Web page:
Forty from Maryland, Delaware battle fires in northeast Oregon, '40 miles from nowhere' 2 crews are 'mopping up' in the Umatilla forest

August 24, 1996|By Ernest F. Imhoff | Ernest F. Imhoff,SUN STAFF

Forty Maryland and Delaware firefighters are fighting difficult fires in dense timber "40 miles from nowhere" in northeastern Oregon.

Two crews of 20 wildland firefighters each are "mopping up" hot spots along fire lines in the Umatilla National Forest, where beetles have killed many of the tightly packed trees, creating highly combustible sections of dead woodland.

Dry lightning, which strikes without rain, has started many blazes in Umatilla and other parts of the West this year.

"It's a very big fire," Rick Lillard of Washington County was quoted as reporting from the scene. Lillard is the Western Maryland fire manager for the state Department of Natural Resources (DNR).

Lillard is the safety/administrative leader for one of the two teams using picks, shovels and other tools in varied terrain.

The 36 Maryland and three Delaware firefighters will be returning home Tuesday after two weeks. A fourth Delaware man was set to go home yesterday because of health problems.

Three more 20-member crews from Maryland and Delaware will fly west next weekend if needed.

Maryland has a pool of 105 qualified wildland firefighters, said Alan Zentz, the Maryland official who answers the federal call for help and dispatches Marylanders to western fires.

Wildland crews are selected, trained and assigned under the supervision of the DNR's Forest Service.

Each year they take refresher training courses and tests. Applicants must pass a rigorous step test or run 1.5 miles in 11 minutes, 40 seconds.

Zentz, fire supervisor for the forest service and a 20-year veteran of fighting western wildland fires, said yesterday fire officials "have a lot of concern" about forecasts for dry, hot, windy weather that could spread the fire this weekend at Umatilla.

Almost 8,000 acres of Umatilla woodland have been destroyed in one of 24 major fires still burning yesterday in the West, Zentz said.

About 1,500 firefighters have fought blazes at Umatilla for ZTC several weeks.

"They're getting a handle on the majority of the fires there," Zentz said. "Our people have been mopping up, working 14-hour shifts with eight-hour breaks. The maximum is 16-hour days. They're doing very well. Morale is high. They're taking this very seriously, as they do all assignments.

"They're in good health except for the one Delaware man," he said.

Zentz said Maryland Crew No. 1 is on relatively flat land.

Crew No. 2 was assigned yesterday to a "summit" fire line on a mountain and planned to "spike out" -- spend the night -- there, fight that fire today and then return to base camp.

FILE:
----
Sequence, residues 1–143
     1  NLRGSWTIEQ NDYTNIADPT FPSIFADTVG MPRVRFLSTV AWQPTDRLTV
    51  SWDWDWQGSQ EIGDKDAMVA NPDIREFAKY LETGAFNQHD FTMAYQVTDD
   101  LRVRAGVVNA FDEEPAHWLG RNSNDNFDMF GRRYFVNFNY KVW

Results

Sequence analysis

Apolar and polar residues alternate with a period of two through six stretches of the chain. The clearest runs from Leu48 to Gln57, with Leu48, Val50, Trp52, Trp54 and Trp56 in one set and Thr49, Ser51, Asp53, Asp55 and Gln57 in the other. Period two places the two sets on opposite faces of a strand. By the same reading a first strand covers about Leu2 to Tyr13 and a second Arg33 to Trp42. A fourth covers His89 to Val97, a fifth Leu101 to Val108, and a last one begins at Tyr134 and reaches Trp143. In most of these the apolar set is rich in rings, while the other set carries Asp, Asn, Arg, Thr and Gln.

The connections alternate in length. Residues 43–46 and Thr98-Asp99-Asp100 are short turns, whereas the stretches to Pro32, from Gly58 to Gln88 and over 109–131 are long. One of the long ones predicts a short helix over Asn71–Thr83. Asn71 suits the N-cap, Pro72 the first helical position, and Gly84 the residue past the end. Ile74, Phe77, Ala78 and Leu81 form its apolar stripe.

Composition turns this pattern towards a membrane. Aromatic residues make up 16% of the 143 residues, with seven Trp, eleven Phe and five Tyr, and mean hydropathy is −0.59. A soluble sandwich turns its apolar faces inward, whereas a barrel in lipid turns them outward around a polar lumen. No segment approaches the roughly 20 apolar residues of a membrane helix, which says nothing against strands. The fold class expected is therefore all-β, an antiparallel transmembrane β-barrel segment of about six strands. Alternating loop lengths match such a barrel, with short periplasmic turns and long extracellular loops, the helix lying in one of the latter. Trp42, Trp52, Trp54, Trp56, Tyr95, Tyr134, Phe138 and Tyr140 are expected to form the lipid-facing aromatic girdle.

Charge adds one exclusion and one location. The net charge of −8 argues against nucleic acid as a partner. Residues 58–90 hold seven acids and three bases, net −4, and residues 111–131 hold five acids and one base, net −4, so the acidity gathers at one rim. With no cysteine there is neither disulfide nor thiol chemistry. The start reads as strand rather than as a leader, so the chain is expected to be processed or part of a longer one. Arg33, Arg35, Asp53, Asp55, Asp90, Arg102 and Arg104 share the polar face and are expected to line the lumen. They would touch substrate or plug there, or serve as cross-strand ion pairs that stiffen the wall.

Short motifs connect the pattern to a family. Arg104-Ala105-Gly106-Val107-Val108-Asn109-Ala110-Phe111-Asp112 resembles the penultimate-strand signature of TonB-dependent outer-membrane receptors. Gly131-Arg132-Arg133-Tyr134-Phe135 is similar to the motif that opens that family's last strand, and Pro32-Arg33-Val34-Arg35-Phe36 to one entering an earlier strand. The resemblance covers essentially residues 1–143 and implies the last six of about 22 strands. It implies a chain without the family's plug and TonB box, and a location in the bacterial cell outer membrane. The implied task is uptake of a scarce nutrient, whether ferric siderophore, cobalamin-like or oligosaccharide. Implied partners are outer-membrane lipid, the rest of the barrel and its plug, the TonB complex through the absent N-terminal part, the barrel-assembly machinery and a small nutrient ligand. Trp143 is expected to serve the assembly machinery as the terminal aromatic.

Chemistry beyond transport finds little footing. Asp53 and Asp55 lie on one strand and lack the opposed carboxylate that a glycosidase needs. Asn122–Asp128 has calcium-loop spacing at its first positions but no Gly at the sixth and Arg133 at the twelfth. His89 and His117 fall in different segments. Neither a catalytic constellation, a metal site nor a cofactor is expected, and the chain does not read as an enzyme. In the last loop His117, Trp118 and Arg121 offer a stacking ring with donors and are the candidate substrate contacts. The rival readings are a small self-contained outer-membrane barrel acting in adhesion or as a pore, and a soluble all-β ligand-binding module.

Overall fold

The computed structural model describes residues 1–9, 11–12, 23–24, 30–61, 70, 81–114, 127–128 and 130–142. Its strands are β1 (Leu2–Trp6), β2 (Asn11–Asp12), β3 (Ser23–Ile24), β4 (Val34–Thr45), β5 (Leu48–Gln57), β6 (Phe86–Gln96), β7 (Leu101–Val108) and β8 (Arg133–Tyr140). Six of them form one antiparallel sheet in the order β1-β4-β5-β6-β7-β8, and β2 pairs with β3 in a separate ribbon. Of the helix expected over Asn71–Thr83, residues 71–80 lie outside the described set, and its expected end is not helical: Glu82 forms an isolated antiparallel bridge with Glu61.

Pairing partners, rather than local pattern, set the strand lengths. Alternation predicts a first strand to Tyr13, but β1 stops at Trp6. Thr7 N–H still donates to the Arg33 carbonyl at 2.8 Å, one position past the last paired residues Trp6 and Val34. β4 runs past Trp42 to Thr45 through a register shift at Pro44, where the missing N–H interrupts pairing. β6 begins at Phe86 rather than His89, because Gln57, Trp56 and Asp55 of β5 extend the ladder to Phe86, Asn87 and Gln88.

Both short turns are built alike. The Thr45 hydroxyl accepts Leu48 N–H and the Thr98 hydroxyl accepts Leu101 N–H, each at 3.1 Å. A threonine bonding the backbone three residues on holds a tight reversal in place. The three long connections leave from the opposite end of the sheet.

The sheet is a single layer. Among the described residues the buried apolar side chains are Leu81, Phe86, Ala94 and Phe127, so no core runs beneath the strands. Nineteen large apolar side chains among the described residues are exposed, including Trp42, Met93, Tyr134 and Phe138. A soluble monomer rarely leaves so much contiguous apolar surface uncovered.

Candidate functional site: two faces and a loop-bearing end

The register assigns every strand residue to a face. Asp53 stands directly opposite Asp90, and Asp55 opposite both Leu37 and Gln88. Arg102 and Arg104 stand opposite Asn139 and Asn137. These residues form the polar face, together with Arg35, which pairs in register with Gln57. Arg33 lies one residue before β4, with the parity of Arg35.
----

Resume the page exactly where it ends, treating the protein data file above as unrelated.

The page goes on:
The Marylanders are working 40 miles southeast of Ukiah, a remote area "40 miles from nowhere," Zentz said.

In the same general area in 1990, Maryland firefighters fought another big fire, in the North Fork John Day Wilderness Area.

The firefighting teams are each led by two DNR veterans of big fires and include volunteer firefighters, other volunteers and DNR employees.

L Delaware is represented by two members on each of the teams.

Firefighters earn at least $9.38 an hour, ultimately paid by the U.S. Forest Service.

Leading Crew No. 1 is the crew boss, Gerald Vickers of Salisbury, directing the crew on the fire line, and Lillard, the crew representative -- more experienced, a former boss, administrator and guardian of the crew's safety and welfare.

Crew No. 2 is led by crew boss Will Williams of Mechanicsville and DNR forester Stark McLaughlin of Preston on the Eastern Shore, the crew representative.

L Two of the 40 firefighters are women, working in crew No. 1.

They are Donna Baker of Carroll County, a DNR forester, and Carolyn Hurwitz, a congressional aide who lives in southern Prince George's County.

Two other congressional aides and Hurwitz volunteered for training at the Perry Point Veterans Hospital property in Cecil County.

They learned hand-tool and hose-line use and firefighting tactics.

The Marylanders flew to Oregon with eight other crews from Pennsylvania, New Jersey and West Virginia.

They thought they were going to Oregon's Heaven's Gate fire in the Wallowa-Whitman Forest but wound up at the more urgent Umatilla fire not far away.

This summer DNR has also sent 11 other Maryland wildfire experts, assigned individually to fires in the west, such as at Nez Perce National Forest, near Elk City, Idaho. Some fought fires; most dispatched equipment and personnel.

Last year, one Maryland crew fought western fires. In 1994, nine crews were there.

The firefighters sometimes get to fight blazes in their home state, typically fires of fewer than 100 acres in Western Maryland in the spring and fall.

Pub Date: 8/24/96

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